I think it is part of the job of the author to approach their characters with an attempt to understand them rather than judge them. But beyond that, I didn’t judge her because I identified with her. I’ve led an excessive life in the past. Drugs, cigarettes, alcohol, and food too, although my relationship with it was not as extreme as Edie’s. I’ve never had a doctor say to me, “If you don’t stop doing these things you will die.” But I understand what it’s like to travel that line between pleasure and self-destruction. So if I was judging anyone in that book I was judging myself. But, of course, she and I are still very different people. I pushed myself to understand her. I wanted desperately for her to change her ways because I cared about her.
2) I think it’s safe to say that certain cultures are more practiced/skilled at using food as psychological proxies. Jews and Italians, the kindred cousins of old east New York, spring to mind. I’m half Italian, and my grandmother on that side has to be practically tranquilized before she’ll stop feeding you. What is it about Jewish or Jewish-American culture that places such an emphasis on food? Is it just that our grandmothers grew up in times/places of scarcity?
I hope that the book rings true universally, and not just for Jews. As I’ve traveled around this past year and talked to people, all kinds of people from different backgrounds, I’ve heard a lot of stories that were comparable to Edie’s experience. It’s been fascinating at readings to see people instantly identify their ethnic background to me, or at least introduce themselves to me and say, “I’m not Jewish, but I understood your book anyway.” So while I think there is something about Jews and food, there is something about lots of ethnic backgrounds and food. Food is part of our lifeblood. It’s what we use to celebrate and mourn. And we have to eat it every damn day no matter what. So it’s something that occupies our mind.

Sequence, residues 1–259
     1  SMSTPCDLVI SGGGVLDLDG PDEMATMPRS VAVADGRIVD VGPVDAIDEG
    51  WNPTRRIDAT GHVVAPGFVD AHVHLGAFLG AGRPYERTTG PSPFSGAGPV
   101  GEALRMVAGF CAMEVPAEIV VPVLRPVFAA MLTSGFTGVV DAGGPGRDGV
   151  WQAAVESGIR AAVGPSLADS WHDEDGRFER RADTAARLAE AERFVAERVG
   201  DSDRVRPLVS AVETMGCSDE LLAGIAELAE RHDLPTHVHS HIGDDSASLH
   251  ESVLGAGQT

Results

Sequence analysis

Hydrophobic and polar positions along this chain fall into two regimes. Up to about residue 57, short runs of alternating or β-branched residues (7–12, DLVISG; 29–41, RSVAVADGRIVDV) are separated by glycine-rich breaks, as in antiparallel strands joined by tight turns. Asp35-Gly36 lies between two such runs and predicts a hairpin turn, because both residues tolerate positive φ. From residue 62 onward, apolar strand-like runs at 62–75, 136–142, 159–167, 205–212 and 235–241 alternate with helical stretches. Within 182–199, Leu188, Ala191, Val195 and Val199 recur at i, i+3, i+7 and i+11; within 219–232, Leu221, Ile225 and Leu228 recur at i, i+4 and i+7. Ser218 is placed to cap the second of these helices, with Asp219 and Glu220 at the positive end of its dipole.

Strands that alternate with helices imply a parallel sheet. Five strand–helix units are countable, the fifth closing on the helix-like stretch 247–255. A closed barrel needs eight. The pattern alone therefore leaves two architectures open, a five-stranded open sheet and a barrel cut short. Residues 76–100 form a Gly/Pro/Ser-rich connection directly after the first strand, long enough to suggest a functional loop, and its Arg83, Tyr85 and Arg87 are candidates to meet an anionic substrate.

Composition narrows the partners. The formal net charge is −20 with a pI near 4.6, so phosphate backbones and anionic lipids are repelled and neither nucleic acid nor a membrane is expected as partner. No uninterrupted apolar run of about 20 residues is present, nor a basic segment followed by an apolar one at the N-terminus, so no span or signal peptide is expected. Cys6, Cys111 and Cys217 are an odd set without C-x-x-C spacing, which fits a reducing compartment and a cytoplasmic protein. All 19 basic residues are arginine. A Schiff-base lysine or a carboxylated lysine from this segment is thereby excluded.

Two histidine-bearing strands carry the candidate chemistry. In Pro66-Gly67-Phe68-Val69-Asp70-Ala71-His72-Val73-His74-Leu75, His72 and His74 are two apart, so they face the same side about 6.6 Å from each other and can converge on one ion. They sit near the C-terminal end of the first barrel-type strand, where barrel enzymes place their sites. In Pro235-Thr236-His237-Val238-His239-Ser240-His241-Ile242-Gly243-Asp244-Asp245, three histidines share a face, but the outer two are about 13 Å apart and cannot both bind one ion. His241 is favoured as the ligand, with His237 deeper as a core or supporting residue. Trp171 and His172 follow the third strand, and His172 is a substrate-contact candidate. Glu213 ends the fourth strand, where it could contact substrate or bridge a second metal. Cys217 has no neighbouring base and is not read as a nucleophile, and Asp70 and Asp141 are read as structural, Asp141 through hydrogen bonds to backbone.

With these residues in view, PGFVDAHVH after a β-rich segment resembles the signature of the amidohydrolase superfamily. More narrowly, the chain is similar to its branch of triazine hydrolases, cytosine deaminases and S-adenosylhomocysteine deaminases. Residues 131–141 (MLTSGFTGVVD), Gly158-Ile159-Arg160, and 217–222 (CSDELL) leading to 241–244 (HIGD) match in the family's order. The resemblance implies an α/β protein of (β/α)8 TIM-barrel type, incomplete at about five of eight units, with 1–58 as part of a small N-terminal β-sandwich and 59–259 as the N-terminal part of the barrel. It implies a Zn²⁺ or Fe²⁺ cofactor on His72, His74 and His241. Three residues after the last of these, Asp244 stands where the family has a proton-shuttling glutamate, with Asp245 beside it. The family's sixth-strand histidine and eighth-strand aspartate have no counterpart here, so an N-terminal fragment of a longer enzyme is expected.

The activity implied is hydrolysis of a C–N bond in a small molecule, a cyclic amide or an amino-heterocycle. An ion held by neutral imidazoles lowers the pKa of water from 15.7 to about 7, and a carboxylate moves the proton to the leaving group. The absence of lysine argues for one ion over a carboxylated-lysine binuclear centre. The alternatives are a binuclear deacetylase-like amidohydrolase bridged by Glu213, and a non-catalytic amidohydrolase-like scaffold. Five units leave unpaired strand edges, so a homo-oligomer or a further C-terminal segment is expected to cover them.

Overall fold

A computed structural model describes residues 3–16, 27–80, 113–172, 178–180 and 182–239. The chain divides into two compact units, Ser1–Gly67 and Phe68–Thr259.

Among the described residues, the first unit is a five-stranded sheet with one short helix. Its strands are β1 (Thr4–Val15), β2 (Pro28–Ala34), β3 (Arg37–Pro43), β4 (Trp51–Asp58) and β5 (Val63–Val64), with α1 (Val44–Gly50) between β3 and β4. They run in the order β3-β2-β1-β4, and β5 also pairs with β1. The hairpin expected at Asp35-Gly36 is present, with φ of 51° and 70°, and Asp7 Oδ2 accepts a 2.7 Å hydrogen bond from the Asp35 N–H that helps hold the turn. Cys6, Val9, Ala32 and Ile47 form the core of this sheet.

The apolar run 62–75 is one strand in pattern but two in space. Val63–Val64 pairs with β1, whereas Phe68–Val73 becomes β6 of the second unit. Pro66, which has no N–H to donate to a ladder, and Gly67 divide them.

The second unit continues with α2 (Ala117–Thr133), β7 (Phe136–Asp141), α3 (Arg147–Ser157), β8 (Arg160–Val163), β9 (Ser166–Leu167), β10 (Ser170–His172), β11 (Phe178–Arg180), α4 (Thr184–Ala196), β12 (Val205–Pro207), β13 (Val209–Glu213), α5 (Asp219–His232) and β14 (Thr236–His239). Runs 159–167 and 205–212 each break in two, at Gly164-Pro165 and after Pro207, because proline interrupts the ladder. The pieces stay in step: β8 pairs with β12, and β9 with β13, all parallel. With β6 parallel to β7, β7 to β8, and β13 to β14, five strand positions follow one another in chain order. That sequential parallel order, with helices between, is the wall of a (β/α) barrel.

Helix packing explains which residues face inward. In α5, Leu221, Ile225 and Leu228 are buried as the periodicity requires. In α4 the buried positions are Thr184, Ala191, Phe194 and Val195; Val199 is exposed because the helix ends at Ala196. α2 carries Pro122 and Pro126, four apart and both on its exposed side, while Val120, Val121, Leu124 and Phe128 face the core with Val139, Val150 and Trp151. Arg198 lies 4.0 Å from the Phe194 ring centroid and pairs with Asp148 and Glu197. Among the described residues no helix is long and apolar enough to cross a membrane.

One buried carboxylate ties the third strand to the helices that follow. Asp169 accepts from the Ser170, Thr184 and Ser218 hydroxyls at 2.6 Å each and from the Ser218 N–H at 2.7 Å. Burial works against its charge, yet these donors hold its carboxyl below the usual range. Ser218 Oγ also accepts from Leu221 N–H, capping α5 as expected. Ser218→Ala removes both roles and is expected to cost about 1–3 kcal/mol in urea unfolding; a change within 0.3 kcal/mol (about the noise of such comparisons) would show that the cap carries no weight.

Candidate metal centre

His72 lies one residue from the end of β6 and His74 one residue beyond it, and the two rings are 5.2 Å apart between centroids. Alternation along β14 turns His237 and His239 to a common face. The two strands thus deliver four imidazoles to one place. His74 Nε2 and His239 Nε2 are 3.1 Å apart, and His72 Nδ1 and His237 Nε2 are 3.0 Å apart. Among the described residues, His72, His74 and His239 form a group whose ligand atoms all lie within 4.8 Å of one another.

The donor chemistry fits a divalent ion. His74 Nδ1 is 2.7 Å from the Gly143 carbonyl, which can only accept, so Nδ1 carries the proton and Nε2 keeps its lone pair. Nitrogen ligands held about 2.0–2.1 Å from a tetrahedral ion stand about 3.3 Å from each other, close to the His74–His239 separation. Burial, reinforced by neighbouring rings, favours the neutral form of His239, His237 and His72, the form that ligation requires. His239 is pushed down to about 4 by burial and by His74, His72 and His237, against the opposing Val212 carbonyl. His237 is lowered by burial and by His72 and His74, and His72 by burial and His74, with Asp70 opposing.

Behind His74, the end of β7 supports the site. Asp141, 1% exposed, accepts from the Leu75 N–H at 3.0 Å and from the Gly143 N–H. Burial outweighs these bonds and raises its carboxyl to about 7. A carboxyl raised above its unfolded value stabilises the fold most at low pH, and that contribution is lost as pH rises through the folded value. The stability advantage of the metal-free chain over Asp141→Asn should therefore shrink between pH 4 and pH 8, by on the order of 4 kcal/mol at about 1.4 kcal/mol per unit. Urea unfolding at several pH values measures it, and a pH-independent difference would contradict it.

3) What are our obligations to those that are destroying themselves? I don’t mean to get into the overarching philosophy and politics behind “saving people from themselves,” soda bans etc, but the question seems to be at the core of the book.
I don’t have an answer to that question necessarily. I think that would require some sort of judgment on my part, and I think these situations work on a case-by-case basis. I can tell you that you can’t help someone who doesn’t want to help himself. I felt like the characters in The Middlesteins didn’t want to talk about their problems for much of the book. I can tell you that communication is important. Having the conversation is important.